Alabaster weighing options after surge in city sports leagues

Alabaster has seen a rise in enrollment in its youth sports leagues over the past few years. (File)

Alabaster has seen a rise in enrollment in its youth sports leagues over the past few years. (File)

By NEAL WAGNER / City Editor

Once all of Alabaster’s fall city sports leagues are up and running this year, it will bring one of the highest enrollments Parks and Recreation Director Tim Hamm has ever seen.

“If it’s not the most kids we’ve ever had, it’s right there at it,” Hamm said with a laugh on Sept. 4. “We are looking at about 400 kids for soccer, about 450 for football and cheerleading and about 250 for basketball. So in total, you’re running up on 1,100.”

Over the past several years, Alabaster has seen a steady rise in its city sports league enrollment, with the biggest jump coming in last year’s basketball enrollment. In 2012, the city saw about 100 more kids in the basketball program than it did in 2011.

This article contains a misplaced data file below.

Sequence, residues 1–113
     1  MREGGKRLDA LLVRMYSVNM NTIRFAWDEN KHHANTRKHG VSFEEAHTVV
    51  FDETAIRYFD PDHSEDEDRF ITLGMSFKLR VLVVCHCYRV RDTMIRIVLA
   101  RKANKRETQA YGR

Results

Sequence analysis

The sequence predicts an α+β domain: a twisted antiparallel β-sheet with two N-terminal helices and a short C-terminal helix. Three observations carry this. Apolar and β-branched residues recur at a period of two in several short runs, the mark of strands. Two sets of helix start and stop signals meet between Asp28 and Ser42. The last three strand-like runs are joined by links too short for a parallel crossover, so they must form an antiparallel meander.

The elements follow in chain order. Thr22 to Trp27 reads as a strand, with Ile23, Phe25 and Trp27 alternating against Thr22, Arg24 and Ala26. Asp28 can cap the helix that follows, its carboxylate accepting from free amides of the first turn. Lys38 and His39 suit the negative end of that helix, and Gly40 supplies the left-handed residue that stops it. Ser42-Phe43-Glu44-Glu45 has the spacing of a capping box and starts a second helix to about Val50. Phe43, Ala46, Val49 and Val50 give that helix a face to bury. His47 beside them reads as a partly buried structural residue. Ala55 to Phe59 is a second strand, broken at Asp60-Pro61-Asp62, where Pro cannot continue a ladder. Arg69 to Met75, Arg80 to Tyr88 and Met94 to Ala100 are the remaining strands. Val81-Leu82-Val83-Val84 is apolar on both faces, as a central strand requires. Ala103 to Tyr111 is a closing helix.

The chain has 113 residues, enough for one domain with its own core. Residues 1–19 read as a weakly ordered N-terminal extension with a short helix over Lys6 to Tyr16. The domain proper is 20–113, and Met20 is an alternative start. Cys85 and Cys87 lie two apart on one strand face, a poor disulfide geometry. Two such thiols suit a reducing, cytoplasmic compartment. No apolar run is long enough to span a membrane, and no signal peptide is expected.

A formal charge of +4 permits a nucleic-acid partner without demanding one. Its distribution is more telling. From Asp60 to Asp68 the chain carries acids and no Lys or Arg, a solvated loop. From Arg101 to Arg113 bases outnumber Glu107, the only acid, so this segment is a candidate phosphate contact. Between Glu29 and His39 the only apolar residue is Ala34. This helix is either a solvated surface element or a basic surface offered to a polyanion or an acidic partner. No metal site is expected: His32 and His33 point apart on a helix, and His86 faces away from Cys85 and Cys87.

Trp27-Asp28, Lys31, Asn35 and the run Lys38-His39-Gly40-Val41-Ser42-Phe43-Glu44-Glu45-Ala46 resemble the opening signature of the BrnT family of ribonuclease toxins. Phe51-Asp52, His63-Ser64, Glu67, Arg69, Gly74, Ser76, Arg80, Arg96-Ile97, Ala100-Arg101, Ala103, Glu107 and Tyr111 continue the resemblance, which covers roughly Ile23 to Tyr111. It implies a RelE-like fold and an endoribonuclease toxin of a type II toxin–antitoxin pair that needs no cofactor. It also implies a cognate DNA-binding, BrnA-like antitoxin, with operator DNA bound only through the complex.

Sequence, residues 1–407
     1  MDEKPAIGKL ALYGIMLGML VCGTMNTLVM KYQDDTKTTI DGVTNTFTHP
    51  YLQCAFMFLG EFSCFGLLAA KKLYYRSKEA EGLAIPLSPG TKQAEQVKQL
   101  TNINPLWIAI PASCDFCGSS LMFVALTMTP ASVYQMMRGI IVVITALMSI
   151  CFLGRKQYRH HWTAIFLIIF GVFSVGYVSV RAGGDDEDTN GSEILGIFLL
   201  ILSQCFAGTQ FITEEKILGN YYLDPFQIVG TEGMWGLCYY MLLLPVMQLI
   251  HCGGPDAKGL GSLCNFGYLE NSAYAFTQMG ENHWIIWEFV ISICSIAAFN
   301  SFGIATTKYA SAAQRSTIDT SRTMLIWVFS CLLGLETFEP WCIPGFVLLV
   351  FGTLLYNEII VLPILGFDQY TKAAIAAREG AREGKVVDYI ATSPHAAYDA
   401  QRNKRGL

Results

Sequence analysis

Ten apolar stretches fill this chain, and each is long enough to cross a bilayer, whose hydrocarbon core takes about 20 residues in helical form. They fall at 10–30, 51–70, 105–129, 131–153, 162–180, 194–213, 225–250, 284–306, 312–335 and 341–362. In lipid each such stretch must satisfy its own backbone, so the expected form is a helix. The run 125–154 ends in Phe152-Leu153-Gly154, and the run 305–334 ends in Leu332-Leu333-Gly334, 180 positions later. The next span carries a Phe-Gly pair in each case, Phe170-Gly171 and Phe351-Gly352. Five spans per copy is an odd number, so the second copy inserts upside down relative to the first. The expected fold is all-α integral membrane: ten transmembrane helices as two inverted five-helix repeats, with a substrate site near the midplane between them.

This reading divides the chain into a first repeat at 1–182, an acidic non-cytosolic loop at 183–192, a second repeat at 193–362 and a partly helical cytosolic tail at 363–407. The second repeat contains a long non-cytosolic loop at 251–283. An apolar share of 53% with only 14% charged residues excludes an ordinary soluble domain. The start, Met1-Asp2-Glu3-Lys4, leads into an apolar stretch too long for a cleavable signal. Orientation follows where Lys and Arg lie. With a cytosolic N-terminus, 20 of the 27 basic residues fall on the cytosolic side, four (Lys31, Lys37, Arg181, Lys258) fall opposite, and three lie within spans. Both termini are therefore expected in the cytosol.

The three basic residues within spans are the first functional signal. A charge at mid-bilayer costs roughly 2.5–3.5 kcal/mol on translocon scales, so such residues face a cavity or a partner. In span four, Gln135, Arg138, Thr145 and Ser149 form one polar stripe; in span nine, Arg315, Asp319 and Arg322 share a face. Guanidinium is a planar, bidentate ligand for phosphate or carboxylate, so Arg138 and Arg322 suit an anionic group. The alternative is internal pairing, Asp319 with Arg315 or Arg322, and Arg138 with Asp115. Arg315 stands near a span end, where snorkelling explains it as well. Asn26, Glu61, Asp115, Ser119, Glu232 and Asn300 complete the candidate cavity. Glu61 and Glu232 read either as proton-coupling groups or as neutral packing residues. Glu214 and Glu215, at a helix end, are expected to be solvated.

“I usually project a 10 percent increase in enrollment each year just to be safe. That’s about what we’ve been seeing each year,” Hamm said. “But we had a huge jump in basketball last year.”

The higher enrollment is starting to place a strain on some of the city’s sports facilities. This year, some football teams are practicing in the outfields of the Thompson High School and city baseball fields.

“We are tight right now. We just lighted those soccer fields, so that’s helped out a lot,” Hamm said. “A lot of folks are using what we’ve got, but we have some great people working the schedules to allow us to let everyone practice.”

City Council President Scott Brakefield said the council is looking to take steps in the future to help alleviate overcrowding at the sports facilities.

“It’s something in the very near future that the city is going to have to look at. What can we do to accommodate everyone?” Brakefield said. “We don’t want to get to a point where we’ve got to turn kids away or limit the number of kids who can participate.”

“Tim and everyone at Parks and Rec are doing a great job juggling everything right now,” Brakefield added.